One former employee who received $0 in the acquisition said that while the fine print of the legal documents did set forth this company right, he was not aware of it when he joined. “I would have never gone to work there had I known,” he told Bloomberg. According to Bloomberg, “The only mention that the company had the right to buy if he left in less than five years came in a single sentence toward the end of the document that referred him to yet another document, which he never bothered to read.”

Both Skype and the investors who implemented the clawbacks, Silver Lake Partners, were called out in the press as “evil,” the startup community’s indignation did not change the legal status of the employees and executives who were cut out of millions of dollars of value in the deal.

Hypothetical Example #1 - Company Does NOT Have Repurchase Rights for Vested Shares - Share Value: $1.7 Million

Here’s an example of how an individual would earn the value of startup stock without repurchase rights or clawbacks. In the case of an early hire of Ruckus Wireless, Inc., the value would have grown as shown below.

This is an example of a hypothetical early hire of Ruckus Wireless, which went public in 2012. It assumes that the company did not restrict executive or employee equity with repurchase rights or other clawbacks for vested shares. This person would have had the right to hold the shares until IPO and earn $1.7 million.

This is an example of a hypothetical early hire of Ruckus Wireless, which went public in 2012. It assumes that the company did not restrict executive or employee equity with repurchase rights or other clawbacks for vested shares. This person would have had the right to hold the shares until IPO and earn $1.7 million. If you want to see the working calculations, see this Google Sheet.

These calculations were estimated from company public filings with the State of California, the State of Delaware, and the Securities and Exchange Commission. For more on these calculations, see The One Percent: How 1% of Ruckus Wireless at Series A Became $1.7 million at IPO.

Hypothetical Example #2 - Company Has Clawbacks for Vested Shares - Share Value: $68,916

If the company had the right to repurchase the shares at FMV at the individual’s departure, and they left after four years of service when the shares were fully vested, the forced buyout price would have been $68,916 (estimated). This would have caused the stockholder to forfeit $1,635,054 in value.

In this hypothetical, the individual would have lost $1,635,054 in value if the shares were repurchased at their termination. If you want to see the working calculations, see this Google Sheet.

No Surprises - Identifying Clawbacks During Negotiation

As you can see, clawbacks dramatically affect the value of startup stock. For some clients, this term is a deal breaker when they are negotiating a startup offer. For others, it makes cash compensation more important in their negotiation. Either way, it’s essential to know about this term when evaluating and negotiating an offer, or in considering the value of equity after joining a startup.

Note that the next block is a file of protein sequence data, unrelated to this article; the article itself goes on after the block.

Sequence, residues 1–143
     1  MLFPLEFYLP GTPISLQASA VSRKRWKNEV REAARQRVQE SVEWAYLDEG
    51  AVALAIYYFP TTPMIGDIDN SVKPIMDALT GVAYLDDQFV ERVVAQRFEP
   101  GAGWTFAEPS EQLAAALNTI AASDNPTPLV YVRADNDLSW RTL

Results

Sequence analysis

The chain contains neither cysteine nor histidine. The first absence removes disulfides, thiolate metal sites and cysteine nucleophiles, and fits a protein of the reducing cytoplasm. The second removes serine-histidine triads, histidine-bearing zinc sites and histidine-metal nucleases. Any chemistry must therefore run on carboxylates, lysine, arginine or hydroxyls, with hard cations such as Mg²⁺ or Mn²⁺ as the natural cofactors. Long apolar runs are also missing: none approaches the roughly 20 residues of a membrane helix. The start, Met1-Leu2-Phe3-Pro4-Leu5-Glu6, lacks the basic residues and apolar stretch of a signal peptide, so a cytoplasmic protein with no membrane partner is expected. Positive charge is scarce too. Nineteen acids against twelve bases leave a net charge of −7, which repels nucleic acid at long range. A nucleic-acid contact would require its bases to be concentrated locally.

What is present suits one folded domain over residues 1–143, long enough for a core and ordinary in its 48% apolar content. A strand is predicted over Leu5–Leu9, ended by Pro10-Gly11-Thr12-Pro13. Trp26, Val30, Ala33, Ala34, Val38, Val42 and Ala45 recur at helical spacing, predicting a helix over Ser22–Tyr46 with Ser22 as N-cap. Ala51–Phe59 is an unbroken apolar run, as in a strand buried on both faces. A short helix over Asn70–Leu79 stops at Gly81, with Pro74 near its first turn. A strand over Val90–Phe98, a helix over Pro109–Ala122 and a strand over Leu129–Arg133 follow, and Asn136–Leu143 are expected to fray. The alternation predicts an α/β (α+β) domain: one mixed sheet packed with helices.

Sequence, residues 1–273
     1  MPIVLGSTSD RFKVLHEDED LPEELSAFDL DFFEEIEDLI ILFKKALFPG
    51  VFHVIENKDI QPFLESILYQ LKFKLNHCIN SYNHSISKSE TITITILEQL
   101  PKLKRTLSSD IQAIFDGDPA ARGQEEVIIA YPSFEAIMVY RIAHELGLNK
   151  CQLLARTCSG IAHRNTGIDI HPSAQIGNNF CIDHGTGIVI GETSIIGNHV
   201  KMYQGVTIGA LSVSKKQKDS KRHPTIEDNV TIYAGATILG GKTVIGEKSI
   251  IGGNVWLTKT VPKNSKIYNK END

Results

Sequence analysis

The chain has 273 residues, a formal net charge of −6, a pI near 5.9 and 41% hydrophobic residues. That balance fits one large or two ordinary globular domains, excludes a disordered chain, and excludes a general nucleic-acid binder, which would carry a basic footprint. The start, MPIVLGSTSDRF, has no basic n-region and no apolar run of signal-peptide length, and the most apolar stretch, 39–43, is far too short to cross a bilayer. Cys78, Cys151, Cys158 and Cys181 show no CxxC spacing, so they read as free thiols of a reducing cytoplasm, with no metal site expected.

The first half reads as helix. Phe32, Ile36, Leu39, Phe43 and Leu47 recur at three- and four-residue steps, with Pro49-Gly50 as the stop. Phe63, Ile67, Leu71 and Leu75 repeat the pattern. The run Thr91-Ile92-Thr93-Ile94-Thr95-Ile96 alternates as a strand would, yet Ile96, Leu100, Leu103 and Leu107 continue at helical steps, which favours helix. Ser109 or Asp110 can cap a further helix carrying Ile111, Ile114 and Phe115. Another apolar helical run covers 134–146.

Unfortunately this term is not likely to be spelled out in an offer letter. It can appear in any number of documents such as stock option agreements, stockholders agreements, bylaws, IP agreements or non-compete agreements. These are not usually offered to a recruit before they sign the offer letter and joining the company. But they can be requested and reviewed during the negotiation stage to discover and renegotiate clawbacks and other red-flag terms.

My clients who are negotiating offers ask the company for form versions of all relevant documents before agreeing to an equity package. I read the documents, identify red-flags like clawbacks, and propose more favorable terms within market standards. In most cases, clients negotiate the terms on their own behalf. I am available behind the scenes during their negotiation and to review the final versions of the documents. If you would like professional guidance on your startup equity, please see this FAQ or contact me at (650) 326-3412 or info@stockoptioncounsel.com.

Stock Option Counsel, P.C. - Legal Services for Individuals.  Attorney Mary Russell counsels individuals on equity grants, executive compensation design, employment agreements and acquisition terms. She also counsels founders on their personal interests  at incorporation, financings and exit events. Please see this FAQ about her services or contact her at (650) 326-3412 or by email.

Thank you to Dianne Walker of Stock Option Counsel for edits to this post. 

VIDEO Startup Stock Options: Negotiate the Right Startup Stock Option Offer

Stock Option Counsel, P.C. - Legal Services for Individuals.  Attorney Mary Russell counsels individuals on equity grants, executive compensation design, employment agreements and acquisition terms. She also counsels founders on their personal interests  at incorporation, financings and exit events. Please see this FAQ about her services or contact her at (650) 326-3412 or by email.